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Blueberry planting

JoeXJoeX Posts: 1,783
No1 or no2?


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  • KeenOnGreenKeenOnGreen Posts: 1,735
    Visually I prefer photo one, where the pots are in line, but that's just personal taste.  Are you asking the question because you plan to plant them in the ground?  They will do much better than in pots, as they will be thirsty and hungry plants.

    Is that a path behind them?  If so, I'd say they are too near to the path if you plan to put them in the ground.  The mature bushes will get to be a reasonable size, and will end up hanging over the path.  This might mean you need to prune them, which you should avoid, if you want a good quantity of berries.  The paving slabs will also create a dry spot that the roots won't like, so I'd move them about another half a metre or so away from the path.

    Your spacing between the pots is fine if you are planting them in the ground, but if that shed will shade the plant nearest to it, then I would move that particular plant a bit further from the shed, as they like full sun.

    - Try to add some ericaceous compost to the planting holes
    - Remove all turf/grass for about a metre in diameter around each plant, or it will compete for water/nutrients.  A bark chip mulch around each plant will also help
    - Try to only water them with rainwater, and to feed weekly in Spring/Summer with an ericaceous liquid feed (or granules)
  • JoeXJoeX Posts: 1,783
    Yes, plant them
    in the ground

    The options are because I prefer 1 but the third bush to the right would be trying to partially block the natural route into the garden, whereas in 2 there is a gap to walk between rather than brush past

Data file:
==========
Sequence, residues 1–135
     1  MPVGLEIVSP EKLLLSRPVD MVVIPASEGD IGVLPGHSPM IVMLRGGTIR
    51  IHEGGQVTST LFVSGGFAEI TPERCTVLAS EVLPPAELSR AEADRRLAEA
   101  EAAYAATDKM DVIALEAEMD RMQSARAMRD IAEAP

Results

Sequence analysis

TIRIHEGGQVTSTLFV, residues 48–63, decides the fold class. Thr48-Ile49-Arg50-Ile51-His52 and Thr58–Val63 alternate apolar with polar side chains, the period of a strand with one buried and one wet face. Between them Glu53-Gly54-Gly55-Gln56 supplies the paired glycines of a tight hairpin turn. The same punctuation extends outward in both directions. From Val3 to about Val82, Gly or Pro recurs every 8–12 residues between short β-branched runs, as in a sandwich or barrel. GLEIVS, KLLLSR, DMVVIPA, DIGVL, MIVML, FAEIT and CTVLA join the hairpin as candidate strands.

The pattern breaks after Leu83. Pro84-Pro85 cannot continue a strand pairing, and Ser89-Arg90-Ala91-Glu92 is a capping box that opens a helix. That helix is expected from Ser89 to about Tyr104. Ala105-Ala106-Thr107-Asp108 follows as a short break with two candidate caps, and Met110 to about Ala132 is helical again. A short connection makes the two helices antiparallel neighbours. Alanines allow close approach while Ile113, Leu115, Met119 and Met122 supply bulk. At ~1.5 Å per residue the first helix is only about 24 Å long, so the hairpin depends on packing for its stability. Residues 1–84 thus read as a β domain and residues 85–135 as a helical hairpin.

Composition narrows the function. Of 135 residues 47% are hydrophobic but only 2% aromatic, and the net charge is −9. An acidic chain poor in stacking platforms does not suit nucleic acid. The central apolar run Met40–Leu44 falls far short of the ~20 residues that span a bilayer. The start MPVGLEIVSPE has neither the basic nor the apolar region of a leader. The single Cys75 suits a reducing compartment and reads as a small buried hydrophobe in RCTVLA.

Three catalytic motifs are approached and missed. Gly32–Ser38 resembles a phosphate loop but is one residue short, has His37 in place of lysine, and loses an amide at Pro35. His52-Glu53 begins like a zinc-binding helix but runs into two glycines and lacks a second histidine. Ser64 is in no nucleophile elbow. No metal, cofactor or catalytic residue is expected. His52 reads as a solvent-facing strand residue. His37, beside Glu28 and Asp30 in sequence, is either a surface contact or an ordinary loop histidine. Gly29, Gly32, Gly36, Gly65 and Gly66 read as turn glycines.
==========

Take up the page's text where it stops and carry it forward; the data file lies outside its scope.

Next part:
Yes, a path - I hadn’t considered dryness from that, thanks

    The idea is more to line the path than produce crop, I just like having plants that remind us where things come from :smile:

    Shed, I’m more concerned they’ll get too much sun as this is SE facing and it gets cooking hot in Kent in summer, I suppose 2 exposes them more

    I have the ericaceous and rain water at the ready, but the clay will likely limit growth and fruiting anyway

    Thanks for your detailed post
  • Pete.8Pete.8 Billericay, EssexPosts: 9,857
    Unless your soil is naturally quite acidic they may well struggle to survive. In an alkaline soil they will not be able to absorb nutrients. Adding ericaceous compost to the area will have little effect.

    I keep mine in pots and they are in full sun (when it's out) 365 days a year and they thrive.
    I only use rainwater and feed once a month when they're growing with Azalea feed
    Knowledge is knowing that a tomato is a fruit.
    Wisdom is not putting it in a fruit salad.
  • Well, you have received excellent advice.

  • JoeXJoeX Posts: 1,783
    Hi, just a quick update - they’ve been fruiting since July but I’ve only taken enough for some cereal a few times so far and again tonight:



    They’re still small/young but the blueberries are delicious. 😋
  • Pete.8Pete.8 Billericay, EssexPosts: 9,857
    It's a good start and don't they taste good! :)
    I didn't get much the first year from my 3 plants, but now get plenty between June and end of August.
    I picked the last few yesterday and now have to wait until June next year for more :(
    Knowledge is knowing that a tomato is a fruit.
    Wisdom is not putting it in a fruit salad.
  • JoeXJoeX Posts: 1,783
    Thanks, not sure I’m going to be able to harvest/eat them all before they start going funny.

    How do you wash them Pete?  I just rinsed them round in the bowl four or five times. 


  • Pete.8Pete.8 Billericay, EssexPosts: 9,857
    They look great Joe, and you've still got plenty to harvest.
    I eat quite a few whilst picking them and those I pick to put on my porridge I just give a quick rinse.
    I did try freezing them, but when defrosted they loose their perfume and are pretty tasteless, so I been gorging on them this year - one of the perks of the job :)
    Knowledge is knowing that a tomato is a fruit.
    Wisdom is not putting it in a fruit salad.
  • You will need to harvest as much as possible before they dry out.
    Ours have now finished and only managed to collect the last lot before they were too dried out.
    I have frozen some (first time) but also bottled some for pies later in the year.
  • JoeXJoeX Posts: 1,783
    One year later update:

    Not a single berry this year. A couple of shrivelled bumps on top of one plant.  Ran out of stored rainwater months and months ago so have been using tap water. 

    Do I move them to a more shady spot or chalk this up to the 2022 weather and let them be?
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